RELATED: Photos from the induction day Mark Martin told the tale more than once on NASCAR Hall of Fame Voting Day this week, about his connection to fellow inductee Benny Parsons. Martin was a teenager -- "a nobody," as he termed it -- with racing dreams carved from his earliest days of wheeling cars on dirt. Parsons, in the prime of his driving career in the mid-1970s, took time for the Arkansas youngster and his father, sharing advice over lunch in his hometown of Ellerbe, North Carolina. Talk about a follow-through. Martin, 57, joined Parsons among the five chosen for induction in the NASCAR Hall of Fame's Class of 2017. "It hasn't soaked in yet," Martin said by telephone Wednesday after the Hall's announcement. "I didn't expect it. It is, by far, the crown jewel of my career and I'm so grateful for the people that helped me get there." Martin wasn't in Charlotte to hear his name called; instead, he was on his way to Indianapolis, reasoning that he wouldn't be among the five inductees this year. Martin was named on 57 percent of the voting panel's ballots, third-most among the 20 nominees. Still, he took the unexpected nature of being selected to heart, saying, "If I would've been on the voting panel, I would've probably voted another way." Martin's credentials -- both his success and his longevity across four decades in NASCAR competition -- eventually won out in just his second year on the ballot. Martin won 40 times in NASCAR's top division and combined for 56 more victories in its other two national series. But Martin acknowledged the gaps in his resume, those that he came heart-wrenchingly close to achieving. Among those were his five runner-up finishes in the championship standings and his 0-for-29 career streak in the Daytona 500 , the sport's most prestigious race. After Wednesday's accomplishment, Martin said that Hall of Fame induction fills any potential voids. "Look, I don't have a Daytona 500 trophy and I don't have a championship trophy, and I said many times that when people would complain about my not having one of those, I would ask the question: 'How would my life be different if I had one?' " Martin said. "And I truly believe that my life would not be very different. But my life will be different from now on because I'm in that Hall, because that is my crown jewel. "That speaks of not one year worth of success, not one great achievement, but a body of work, and that's what I'm proud of."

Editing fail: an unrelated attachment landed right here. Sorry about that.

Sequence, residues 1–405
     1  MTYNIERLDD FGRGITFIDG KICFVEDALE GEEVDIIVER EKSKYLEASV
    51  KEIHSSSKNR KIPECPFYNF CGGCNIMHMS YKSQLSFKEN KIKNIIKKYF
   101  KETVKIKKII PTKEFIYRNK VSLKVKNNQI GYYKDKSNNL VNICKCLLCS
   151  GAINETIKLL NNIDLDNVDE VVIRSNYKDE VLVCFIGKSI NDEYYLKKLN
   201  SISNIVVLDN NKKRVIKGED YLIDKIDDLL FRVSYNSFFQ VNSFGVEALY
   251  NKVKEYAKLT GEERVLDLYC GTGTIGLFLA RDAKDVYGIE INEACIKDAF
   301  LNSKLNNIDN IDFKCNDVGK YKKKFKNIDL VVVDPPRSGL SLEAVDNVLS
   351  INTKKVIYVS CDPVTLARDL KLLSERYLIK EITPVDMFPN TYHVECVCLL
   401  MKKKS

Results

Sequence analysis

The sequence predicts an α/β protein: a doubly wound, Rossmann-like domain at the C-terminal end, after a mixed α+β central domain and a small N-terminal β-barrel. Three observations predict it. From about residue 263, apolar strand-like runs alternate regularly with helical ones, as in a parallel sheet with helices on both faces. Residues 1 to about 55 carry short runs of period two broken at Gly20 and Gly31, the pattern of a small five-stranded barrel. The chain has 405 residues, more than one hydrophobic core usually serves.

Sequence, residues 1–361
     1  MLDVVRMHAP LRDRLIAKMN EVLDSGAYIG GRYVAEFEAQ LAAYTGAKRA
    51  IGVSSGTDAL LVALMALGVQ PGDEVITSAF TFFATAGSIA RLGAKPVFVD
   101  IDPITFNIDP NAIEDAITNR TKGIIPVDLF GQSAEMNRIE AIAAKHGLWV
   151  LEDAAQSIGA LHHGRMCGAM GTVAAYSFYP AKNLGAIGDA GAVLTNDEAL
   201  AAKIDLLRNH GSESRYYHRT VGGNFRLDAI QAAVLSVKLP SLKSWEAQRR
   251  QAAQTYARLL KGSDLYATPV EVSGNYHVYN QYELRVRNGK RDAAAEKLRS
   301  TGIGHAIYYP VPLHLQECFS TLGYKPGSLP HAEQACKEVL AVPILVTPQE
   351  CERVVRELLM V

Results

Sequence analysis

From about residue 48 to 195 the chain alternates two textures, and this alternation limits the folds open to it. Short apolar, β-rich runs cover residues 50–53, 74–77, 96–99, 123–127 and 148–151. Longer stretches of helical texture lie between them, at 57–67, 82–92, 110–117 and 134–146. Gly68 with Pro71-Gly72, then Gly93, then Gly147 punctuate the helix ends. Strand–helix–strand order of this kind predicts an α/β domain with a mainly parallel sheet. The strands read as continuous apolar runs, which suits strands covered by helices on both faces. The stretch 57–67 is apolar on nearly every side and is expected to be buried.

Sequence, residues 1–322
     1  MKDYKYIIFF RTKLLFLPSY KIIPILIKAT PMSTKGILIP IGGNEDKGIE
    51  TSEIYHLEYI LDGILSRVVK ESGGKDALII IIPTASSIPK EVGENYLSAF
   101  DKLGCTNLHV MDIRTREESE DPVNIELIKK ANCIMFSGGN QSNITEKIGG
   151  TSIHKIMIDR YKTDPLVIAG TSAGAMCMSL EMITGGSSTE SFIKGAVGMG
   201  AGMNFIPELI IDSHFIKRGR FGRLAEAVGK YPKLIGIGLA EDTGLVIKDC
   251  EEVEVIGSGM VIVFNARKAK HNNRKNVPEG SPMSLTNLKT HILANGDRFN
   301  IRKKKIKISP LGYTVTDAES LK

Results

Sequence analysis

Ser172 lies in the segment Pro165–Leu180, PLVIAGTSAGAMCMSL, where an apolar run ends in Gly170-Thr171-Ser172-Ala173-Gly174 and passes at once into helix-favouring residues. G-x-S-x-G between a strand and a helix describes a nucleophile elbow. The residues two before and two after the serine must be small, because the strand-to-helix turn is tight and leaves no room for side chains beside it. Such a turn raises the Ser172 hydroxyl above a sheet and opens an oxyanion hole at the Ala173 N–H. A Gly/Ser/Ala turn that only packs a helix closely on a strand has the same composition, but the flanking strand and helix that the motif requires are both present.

Crown Royal Heroes: Piper Hill
Check out Crown Royal Heroes nominee Piper Hill. One of these five finalists will receive naming rights to the 2016 Crown Royal Presents the “Your Hero’s Name Here” 400 at the Brickyard.
Rolex 24 crown remains high prize for NASCAR stars